The last time the Red Sox took the field for a regular-season game, it was to end one of the most disappointing seasons of the past eight years.

In three days, the team gets back to work after an offseason that replenished a sense of optimism among Sox fans.

The Sox won the offseason, no doubt about it. Now, we’ll start to see if that means they’ll win enough regular-season games to make it back to the postseason for a seventh time in nine years.

Just about everyone is picking the Sox as the team to beat in the East, if not the entire American League. General Manager Theo Epstein made several bold moves this winter, acquiring the most sought-after positional free agent (Carl Crawford) and pulling off the biggest trade (Adrian Gonzalez) of any team since last September.

The Red Sox offense should be better than last season, but scoring runs wasn’t an issue in 2010. They scored the second-most runs in the AL even though Dustin Pedroia, Kevin Youkilis and Jacoby Ellsbury spent significant time on the DL. Any team would want Crawford and Gonzalez, but they come at the expense of Adrian Beltre and Victor Martinez, two of the team’s best hitters in 2010.

So don’t expect a dramatic uptick in runs. You can, however, expect a big improvement in team speed. In 2010, Ryan Kalish led the Red Sox with 10 stolen bases. This year, the combination of Ellsbury and Crawford has fans thinking this could be the first time a pair of Red Sox players steal 50 bases apiece in the same season.

If the Sox are going to be better, pitching must improve. It all starts with the rotation, and Manager Terry Francona is counting on the same five pitchers as last year. Jon Lester is the opening day starter, a justified honor for someone who has become one of the most dominant pitchers in the game. He and Clay Buchholz combined for 36 wins last season. They are at the top of the rotation, but the pitchers behind them will have to bounce back from subpar years.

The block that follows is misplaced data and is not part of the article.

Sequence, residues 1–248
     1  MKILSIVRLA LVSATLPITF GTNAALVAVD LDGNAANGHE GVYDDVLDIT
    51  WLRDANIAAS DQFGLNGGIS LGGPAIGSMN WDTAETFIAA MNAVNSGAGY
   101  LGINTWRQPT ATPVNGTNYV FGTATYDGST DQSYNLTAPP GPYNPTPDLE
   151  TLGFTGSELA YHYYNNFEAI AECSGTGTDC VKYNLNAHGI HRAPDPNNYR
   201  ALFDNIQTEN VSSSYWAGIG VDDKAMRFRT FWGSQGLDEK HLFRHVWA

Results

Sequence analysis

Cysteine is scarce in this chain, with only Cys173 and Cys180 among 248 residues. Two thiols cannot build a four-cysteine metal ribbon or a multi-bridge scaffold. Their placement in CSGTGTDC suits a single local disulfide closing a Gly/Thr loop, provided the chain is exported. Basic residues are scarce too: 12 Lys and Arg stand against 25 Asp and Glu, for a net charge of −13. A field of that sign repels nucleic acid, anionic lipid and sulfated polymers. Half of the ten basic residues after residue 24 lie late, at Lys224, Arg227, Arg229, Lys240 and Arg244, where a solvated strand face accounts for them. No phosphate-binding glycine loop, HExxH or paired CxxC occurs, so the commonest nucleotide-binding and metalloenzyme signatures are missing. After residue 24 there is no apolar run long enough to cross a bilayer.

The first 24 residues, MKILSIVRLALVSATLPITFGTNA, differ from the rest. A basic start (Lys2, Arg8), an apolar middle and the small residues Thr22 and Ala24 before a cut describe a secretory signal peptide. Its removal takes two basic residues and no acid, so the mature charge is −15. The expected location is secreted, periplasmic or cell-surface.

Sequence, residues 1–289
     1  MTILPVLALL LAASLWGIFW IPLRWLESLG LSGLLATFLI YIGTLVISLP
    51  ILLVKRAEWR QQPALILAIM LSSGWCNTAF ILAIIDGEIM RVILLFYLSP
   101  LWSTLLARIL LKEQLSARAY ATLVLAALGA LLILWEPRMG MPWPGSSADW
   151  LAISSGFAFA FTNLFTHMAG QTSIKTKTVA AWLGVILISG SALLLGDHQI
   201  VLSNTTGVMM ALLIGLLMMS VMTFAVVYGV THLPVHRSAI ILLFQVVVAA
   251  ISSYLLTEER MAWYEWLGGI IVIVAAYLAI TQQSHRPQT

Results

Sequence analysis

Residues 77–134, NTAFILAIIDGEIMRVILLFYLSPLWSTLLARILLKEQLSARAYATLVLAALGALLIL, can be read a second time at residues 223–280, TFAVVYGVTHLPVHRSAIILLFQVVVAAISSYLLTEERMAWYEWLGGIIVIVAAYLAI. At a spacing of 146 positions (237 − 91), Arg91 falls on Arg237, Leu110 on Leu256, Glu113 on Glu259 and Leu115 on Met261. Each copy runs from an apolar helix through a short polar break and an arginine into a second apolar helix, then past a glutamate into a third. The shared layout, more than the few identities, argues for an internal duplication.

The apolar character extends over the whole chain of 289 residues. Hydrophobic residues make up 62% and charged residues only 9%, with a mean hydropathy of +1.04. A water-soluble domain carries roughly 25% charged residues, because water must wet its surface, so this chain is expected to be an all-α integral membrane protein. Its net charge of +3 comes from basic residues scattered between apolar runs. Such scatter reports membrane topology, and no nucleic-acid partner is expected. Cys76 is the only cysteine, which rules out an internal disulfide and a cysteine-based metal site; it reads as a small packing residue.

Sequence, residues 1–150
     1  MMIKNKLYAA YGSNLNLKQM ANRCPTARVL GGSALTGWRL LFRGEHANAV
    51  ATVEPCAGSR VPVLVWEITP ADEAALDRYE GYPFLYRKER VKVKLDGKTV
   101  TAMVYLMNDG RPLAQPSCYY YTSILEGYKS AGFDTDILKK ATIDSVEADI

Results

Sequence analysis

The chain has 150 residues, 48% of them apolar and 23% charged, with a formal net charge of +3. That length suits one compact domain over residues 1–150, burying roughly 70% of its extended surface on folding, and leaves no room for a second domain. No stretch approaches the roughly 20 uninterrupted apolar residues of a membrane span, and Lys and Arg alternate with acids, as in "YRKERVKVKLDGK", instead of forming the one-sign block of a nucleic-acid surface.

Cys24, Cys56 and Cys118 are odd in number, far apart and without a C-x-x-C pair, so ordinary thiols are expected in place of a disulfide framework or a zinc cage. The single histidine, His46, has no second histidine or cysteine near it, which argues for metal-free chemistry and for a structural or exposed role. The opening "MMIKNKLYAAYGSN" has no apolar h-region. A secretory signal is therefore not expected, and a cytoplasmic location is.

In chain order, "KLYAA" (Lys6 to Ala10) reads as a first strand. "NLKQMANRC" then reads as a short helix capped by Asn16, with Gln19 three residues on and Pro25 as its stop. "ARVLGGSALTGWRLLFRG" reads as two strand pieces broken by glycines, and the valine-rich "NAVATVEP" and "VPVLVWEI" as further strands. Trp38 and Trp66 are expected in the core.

Josh Beckett had a dismal 2010. He won’t take the ball until next Tuesday in Cleveland and will begin the season trying to show that he can win more than six games and lower his ERA (5.78 in just 1272/3 innings in 2010). If he can’t, the Sox won’t be the dominant team we expect them to be.

It’ll be Year 2 in a Red Sox uniform for John Lackey. How you view his first season depends on which stats you look at. Critics point to his 4.40 ERA and say a big-money pitcher has to do better. Lackey points to his 14 wins and the fact that he led the team in innings pitched and quality starts, and says it wasn’t a bad year at all. Truth is, his 2010 was somewhere in the middle … and he’ll need a better 2011.

The Red Sox bullpen led the AL in losses in 2010, so Epstein added much-needed relief depth, with veterans Bobby Jenks and Dan Wheeler joining the mix. There are also projects such as Andrew Miller and Alfredo Aceves, who could prove valuable over the long marathon of a baseball season.

Back in February, Yankees management and players were quick to say the Red Sox were the favorites for 2011 and that New York was the underdog. Those are words we haven’t heard in a while. Boston spent a decent amount of time trying to tamp down those expectations.

Yet the expectations are there. The process of living up to them begins Friday in the Texas heat.

Tom Caron is the studio host for Red Sox broadcasts on the New England Sports Network. His column appears in the Press Herald on Tuesdays.